As people age (especially women), they become more prone to infections in the bladder (UTI - urinary tract infections). Older people are more likely to have adverse reactions to drugs. Up to the present time older women with uncomplicated UTI were treated longer than younger patients - without any scientific evidence and with an increased risk of adverse drug reactions. We defined three groups of treatment durations: single-dose, short (3 to 6 days) and longer courses (7 to 14 days).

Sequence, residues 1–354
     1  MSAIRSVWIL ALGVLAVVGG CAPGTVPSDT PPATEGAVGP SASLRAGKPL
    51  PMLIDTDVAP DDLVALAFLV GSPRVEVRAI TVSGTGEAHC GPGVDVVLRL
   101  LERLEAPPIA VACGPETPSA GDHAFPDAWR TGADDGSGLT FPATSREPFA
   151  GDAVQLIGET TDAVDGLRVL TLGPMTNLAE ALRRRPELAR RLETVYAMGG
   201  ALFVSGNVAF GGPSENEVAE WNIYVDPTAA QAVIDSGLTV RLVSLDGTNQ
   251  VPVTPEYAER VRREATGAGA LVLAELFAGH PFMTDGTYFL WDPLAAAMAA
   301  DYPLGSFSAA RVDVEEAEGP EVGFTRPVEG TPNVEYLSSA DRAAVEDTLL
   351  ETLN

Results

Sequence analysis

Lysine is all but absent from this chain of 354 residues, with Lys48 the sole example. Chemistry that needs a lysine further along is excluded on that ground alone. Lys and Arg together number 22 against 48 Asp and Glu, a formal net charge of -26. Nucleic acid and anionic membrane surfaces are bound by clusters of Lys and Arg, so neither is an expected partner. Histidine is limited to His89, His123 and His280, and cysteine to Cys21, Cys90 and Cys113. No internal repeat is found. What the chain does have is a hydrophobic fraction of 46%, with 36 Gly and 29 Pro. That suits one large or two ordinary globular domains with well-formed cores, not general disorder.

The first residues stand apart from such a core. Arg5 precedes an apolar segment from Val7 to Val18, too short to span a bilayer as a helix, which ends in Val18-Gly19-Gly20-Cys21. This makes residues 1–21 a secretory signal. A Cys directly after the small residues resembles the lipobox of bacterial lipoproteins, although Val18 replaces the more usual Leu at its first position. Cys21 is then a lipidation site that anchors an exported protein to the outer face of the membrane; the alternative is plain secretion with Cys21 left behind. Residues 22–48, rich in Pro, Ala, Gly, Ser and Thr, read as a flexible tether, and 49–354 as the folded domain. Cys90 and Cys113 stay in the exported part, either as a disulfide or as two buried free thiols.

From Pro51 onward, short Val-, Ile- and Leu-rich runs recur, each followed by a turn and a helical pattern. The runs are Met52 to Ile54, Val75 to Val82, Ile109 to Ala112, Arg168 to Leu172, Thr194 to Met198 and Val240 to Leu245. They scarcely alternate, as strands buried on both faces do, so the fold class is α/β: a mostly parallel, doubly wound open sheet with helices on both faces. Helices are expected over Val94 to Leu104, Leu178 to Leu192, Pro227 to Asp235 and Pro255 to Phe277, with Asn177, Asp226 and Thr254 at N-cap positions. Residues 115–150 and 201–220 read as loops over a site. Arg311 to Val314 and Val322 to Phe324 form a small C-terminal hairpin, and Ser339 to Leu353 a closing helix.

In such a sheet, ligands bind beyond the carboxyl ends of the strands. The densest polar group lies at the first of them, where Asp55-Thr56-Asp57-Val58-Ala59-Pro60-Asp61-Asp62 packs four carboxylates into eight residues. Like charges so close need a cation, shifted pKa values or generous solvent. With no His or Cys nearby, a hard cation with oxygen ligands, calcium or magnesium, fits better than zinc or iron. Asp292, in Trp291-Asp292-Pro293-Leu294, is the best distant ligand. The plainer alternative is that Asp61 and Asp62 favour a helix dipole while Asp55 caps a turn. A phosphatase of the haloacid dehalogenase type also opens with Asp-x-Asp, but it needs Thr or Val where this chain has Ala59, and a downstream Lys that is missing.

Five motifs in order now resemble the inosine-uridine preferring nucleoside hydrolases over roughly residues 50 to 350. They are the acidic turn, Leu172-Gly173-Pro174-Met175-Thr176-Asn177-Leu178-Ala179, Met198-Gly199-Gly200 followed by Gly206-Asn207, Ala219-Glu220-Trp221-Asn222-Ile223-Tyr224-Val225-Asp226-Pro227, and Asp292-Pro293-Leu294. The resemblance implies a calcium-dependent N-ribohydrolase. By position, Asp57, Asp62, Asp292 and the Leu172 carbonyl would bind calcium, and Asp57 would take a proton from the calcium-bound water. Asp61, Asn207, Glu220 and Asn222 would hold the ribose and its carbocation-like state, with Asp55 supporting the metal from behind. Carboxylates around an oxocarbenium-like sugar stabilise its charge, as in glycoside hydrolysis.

We identified 15 studies (1644 elderly women) comparing single dose, short-course (3 to 6 days) and long course (7 to 14 days) antibiotic treatment for uncomplicated symptomatic UTI in elderly women. Our review suggests that single dose treatments are less effective than short or long courses, but better accepted by the patients. On the other hand longer courses may have more side effects. On the basis of the evidence available at present, an antibiotic treatment of 3 to 6 days could be sufficient for treating uncomplicated UTIs in elderly women, although more studies on specific, commonly prescribed antibiotics are needed.